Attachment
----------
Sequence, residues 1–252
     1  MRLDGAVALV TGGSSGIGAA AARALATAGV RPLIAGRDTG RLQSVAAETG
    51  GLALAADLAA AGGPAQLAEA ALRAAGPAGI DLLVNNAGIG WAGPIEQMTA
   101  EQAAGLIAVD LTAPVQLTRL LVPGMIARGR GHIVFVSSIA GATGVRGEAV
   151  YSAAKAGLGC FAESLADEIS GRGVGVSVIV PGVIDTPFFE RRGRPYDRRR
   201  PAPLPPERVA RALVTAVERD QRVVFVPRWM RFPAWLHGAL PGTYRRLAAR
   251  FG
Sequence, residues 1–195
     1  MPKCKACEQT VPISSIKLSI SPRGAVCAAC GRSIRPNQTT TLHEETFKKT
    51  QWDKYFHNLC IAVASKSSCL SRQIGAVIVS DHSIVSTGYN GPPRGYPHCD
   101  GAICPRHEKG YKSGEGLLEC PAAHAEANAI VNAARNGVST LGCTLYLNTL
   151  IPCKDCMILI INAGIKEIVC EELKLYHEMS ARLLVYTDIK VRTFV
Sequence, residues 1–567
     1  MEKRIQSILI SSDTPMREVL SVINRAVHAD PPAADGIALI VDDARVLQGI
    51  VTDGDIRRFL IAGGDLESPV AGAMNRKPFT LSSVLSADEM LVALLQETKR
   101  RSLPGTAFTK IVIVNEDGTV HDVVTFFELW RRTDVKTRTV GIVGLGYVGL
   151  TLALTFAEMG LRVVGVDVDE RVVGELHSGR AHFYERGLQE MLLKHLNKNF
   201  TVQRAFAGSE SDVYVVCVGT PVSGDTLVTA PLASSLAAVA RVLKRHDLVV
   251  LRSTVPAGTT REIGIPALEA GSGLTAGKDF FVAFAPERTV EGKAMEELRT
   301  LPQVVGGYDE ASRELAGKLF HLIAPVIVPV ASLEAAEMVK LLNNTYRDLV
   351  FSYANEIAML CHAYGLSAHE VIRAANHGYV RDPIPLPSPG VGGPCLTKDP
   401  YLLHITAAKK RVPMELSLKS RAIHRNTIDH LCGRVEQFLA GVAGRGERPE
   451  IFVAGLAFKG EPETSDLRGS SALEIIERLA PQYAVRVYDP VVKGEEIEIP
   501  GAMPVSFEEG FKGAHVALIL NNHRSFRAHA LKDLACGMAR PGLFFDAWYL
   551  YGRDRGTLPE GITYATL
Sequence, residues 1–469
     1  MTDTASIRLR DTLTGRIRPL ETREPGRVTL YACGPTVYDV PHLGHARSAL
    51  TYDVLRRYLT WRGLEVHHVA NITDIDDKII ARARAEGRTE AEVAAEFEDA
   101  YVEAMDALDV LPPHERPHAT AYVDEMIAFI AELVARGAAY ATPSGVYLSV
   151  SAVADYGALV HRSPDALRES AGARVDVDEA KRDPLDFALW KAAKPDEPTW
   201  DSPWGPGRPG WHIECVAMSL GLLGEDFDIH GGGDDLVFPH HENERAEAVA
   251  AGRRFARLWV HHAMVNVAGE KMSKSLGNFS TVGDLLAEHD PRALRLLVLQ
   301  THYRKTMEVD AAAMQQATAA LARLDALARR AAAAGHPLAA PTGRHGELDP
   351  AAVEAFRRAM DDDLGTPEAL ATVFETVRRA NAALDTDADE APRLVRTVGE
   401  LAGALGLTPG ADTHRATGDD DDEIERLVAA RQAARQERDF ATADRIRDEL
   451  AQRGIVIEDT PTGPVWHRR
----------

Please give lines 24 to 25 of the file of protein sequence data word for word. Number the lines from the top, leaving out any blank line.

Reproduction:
   501  GAMPVSFEEG FKGAHVALIL NNHRSFRAHA LKDLACGMAR PGLFFDAWYL
   551  YGRDRGTLPE GITYATL